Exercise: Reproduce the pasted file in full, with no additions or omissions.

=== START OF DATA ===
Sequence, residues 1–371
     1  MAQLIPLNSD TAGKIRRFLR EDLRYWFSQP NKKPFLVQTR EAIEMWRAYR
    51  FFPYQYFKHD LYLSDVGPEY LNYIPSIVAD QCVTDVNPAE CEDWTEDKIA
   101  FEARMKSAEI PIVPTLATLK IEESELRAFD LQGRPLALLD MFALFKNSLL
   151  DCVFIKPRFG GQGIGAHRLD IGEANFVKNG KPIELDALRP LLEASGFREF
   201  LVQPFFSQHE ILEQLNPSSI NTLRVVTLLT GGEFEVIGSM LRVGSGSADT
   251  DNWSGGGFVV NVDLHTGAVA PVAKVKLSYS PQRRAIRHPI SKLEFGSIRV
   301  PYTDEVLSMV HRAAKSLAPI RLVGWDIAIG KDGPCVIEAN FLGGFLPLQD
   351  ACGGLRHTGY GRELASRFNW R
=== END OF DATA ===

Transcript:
Sequence, residues 1–371
     1  MAQLIPLNSD TAGKIRRFLR EDLRYWFSQP NKKPFLVQTR EAIEMWRAYR
    51  FFPYQYFKHD LYLSDVGPEY LNYIPSIVAD QCVTDVNPAE CEDWTEDKIA
   101  FEARMKSAEI PIVPTLATLK IEESELRAFD LQGRPLALLD MFALFKNSLL
   151  DCVFIKPRFG GQGIGAHRLD IGEANFVKNG KPIELDALRP LLEASGFREF
   201  LVQPFFSQHE ILEQLNPSSI NTLRVVTLLT GGEFEVIGSM LRVGSGSADT
   251  DNWSGGGFVV NVDLHTGAVA PVAKVKLSYS PQRRAIRHPI SKLEFGSIRV
   301  PYTDEVLSMV HRAAKSLAPI RLVGWDIAIG KDGPCVIEAN FLGGFLPLQD
   351  ACGGLRHTGY GRELASRFNW R